After that I again began to think about those wily wapiti. I had never truly hunted for elk with a rifle and would definitely consider myself extremely unknowledgeable about elk movements and habits during this time of year. I had a few spots in mind that I knew elk lived in and afforded us the opportunity to use the binos and spotting scope to our advantage. As we turned off the highway I was excited to begin the hike up the mountain. As we continued down the road we soon had already passed three trucks that had hunters pouring out of them in the inky black. As we pulled up to our spot my stomach began to turn. Six other trucks were already parked there and two of them were towing horse trailers. As we sat there wondering what to do another rig pulled up next to us. The sun was beginning to lighten the sky and I knew it was too late to go somewhere else. I figured we would hike as far back as we could and hope someone spooked some elk to us. We threw our headlamps on and clamored up the mountain. As we crested onto the final logging road we saw another hunter ahead of us. He was a older gentlemen in his mid 60s and I was surprised he was back here. He must have been hiking for about an hour and a half in the dark. I was impressed to say the least. We quickly passed him as he split up the hill. A light snow covered the hillside and with temperatures in the single digits it was a crunchy mess. We quickly made it to a good lookout and built a fire. No sooner had we finally got the fire roaring a group of 3 bulls appeared from the timber 700 yards below us. A rocky deep valley lay below us and I knew we wouldn’t be able to close the distance without completely losing sight of the bulls. We scrambled to get the cameras on the elk and I got positioned on my pack. My adrenaline was raging and I struggled to get the elk in my 20 power scope. By the time I located the biggest bull he was already moving to the right and I was way to shaky to think about taking a shot. They disappeared into the timber and we grabbed our packs and began to slowly slip down the ridge. We proceeded to move about 300 yards down the mountain to an area where we could see across the creek bottom. No elk were in sight, but I could hear the faint noise of rocks crashing. I knew they were somewhere in the bottom. A few minutes later Travis spotted them directly to our right on a grassy, timbered ridge. I quickly laid down and began to look the bulls over. They were feeding slowly and I knew I had a moment to pick a bull and get settled in. After a few minutes I had found the biggest of the group and I lined up my reticle right behind his shoulder. As he stepped forward a slightly quartering away shot presented itself and I sent a 168 grain Berger right through his boiler room. He moved up the hill about 15 yards before toppling over and quickly expiring. I jumped up and yelled like a wild man. I honestly had planned on going for a nice hike, and had no plans of shooting a bull that would eclipse the 300 inch mark. Travis and I celebrated before finally grabbing our gear and crossing the small valley to go inspect my first rifle killed elk.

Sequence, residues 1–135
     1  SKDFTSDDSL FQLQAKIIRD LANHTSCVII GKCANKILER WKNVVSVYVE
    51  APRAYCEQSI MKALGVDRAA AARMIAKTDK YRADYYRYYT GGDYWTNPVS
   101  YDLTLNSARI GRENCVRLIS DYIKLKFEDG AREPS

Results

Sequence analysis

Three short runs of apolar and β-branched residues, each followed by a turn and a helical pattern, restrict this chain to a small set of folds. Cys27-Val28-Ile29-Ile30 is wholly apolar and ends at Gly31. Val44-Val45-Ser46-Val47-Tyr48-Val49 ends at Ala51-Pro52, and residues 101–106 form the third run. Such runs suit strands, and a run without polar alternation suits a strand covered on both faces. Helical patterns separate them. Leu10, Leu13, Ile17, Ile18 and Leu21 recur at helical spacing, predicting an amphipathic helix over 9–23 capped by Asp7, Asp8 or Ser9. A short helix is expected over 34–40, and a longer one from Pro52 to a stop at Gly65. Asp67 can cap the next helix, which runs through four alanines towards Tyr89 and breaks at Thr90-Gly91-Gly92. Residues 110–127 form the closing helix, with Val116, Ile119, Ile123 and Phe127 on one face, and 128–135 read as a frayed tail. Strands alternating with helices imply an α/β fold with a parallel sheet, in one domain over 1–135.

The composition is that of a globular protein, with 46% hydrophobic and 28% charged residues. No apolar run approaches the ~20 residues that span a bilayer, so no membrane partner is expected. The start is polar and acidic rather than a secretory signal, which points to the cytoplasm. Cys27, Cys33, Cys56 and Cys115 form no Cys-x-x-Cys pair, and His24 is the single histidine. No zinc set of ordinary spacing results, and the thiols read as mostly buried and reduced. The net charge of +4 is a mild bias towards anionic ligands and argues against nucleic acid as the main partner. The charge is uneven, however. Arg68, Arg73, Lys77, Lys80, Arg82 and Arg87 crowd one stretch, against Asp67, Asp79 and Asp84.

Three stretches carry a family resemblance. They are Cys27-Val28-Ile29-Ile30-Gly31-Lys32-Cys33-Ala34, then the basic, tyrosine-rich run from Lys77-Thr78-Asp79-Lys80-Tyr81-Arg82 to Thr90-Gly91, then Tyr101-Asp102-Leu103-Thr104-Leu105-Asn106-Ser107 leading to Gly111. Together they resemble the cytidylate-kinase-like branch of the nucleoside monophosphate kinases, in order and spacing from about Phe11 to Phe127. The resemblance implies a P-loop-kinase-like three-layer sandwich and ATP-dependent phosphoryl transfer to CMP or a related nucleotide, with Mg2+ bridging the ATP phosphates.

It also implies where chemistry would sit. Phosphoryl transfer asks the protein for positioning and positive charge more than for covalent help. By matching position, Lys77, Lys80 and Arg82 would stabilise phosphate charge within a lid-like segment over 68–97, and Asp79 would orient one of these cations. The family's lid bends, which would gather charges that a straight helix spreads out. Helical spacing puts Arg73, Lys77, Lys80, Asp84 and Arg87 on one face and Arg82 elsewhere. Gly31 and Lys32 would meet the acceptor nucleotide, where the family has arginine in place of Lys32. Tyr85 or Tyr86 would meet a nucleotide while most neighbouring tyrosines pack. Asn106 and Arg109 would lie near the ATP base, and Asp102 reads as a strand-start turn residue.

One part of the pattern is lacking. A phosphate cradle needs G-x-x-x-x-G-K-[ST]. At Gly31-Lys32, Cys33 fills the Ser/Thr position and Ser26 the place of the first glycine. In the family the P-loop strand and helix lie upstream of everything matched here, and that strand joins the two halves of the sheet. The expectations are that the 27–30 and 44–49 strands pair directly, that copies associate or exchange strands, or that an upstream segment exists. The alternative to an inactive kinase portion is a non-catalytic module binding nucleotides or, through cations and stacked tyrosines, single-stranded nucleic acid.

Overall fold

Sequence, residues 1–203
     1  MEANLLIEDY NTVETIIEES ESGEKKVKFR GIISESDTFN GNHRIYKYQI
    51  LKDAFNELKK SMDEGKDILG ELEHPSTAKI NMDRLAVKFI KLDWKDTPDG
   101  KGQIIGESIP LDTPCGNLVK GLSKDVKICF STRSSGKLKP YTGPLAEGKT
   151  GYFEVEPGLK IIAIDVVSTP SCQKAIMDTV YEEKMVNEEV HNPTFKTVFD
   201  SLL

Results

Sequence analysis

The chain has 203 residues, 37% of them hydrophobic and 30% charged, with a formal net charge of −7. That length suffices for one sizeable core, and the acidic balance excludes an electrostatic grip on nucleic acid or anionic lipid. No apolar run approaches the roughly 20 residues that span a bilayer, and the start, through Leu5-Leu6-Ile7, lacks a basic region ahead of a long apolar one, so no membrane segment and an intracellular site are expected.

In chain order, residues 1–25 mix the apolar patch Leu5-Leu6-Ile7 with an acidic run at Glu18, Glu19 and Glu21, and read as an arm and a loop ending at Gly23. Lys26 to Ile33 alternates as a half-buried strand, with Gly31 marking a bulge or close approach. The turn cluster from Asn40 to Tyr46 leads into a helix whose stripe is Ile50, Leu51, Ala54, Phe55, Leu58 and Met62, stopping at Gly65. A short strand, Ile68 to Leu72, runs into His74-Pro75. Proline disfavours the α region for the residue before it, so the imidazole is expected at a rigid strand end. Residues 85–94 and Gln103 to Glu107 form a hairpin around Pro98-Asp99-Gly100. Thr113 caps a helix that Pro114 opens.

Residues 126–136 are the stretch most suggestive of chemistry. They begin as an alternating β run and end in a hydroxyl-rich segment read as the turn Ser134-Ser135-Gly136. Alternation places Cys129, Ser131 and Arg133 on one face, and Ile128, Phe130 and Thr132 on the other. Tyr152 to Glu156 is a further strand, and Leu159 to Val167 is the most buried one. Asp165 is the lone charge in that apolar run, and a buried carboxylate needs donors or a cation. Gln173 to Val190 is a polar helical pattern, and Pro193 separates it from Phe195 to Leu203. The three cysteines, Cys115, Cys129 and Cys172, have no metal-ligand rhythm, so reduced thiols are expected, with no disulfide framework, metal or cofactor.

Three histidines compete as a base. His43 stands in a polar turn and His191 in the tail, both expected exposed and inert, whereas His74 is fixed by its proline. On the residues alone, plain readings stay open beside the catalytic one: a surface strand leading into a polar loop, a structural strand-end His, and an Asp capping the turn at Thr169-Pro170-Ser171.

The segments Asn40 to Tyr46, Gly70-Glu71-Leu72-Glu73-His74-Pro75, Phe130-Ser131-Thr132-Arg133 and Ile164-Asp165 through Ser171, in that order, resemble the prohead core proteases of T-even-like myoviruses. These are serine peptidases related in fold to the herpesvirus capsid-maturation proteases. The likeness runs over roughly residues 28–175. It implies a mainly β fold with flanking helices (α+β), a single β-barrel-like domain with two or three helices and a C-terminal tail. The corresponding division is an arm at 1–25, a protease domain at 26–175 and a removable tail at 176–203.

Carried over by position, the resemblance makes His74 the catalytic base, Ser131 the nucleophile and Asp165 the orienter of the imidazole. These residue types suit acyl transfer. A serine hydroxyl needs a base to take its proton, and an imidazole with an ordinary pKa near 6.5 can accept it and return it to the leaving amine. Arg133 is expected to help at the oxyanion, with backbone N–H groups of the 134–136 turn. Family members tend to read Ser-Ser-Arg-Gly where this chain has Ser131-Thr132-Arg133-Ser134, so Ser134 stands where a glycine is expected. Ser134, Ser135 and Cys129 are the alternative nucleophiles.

The bull was a great 6×6. He was on the tall and narrow side and very symmetrical. I couldn’t have asked for more and spent the next hour admiring the beautiful bull. I felt so blessed to have the opportunity to take such an amazing animal and with my brother at my side. Travis has been there for all of my elk kills with the camera rolling and I wouldn’t trade it for anything. Travis and I both were blessed with great bulls this year and we quickly snapped photos of the fallen warrior.
The temperature was perfect for the task ahead of us. As we worked the sun kept us warm, while the shade allowed the meat to cool as we worked for the next two hours to get everything in order for the pack out. Soon all the quarters were in game bags and it was time to load some meat and begin the pack out. We were three miles from the truck and luckily enough it was mostly downhill. As I headed up the mountain the weight of the elk bore down on my shoulders, reminding me of the immense responsibility we take into our hands when we hunt these great creatures. It was sad to take a life, but it felt good that I’d be filling my freezer with some of the healthiest, organic meat a man can put in his body. This day was a blessing from God and even though my tag was punched I couldn’t help but think about the next time I’d get to chase the ever elusive elk.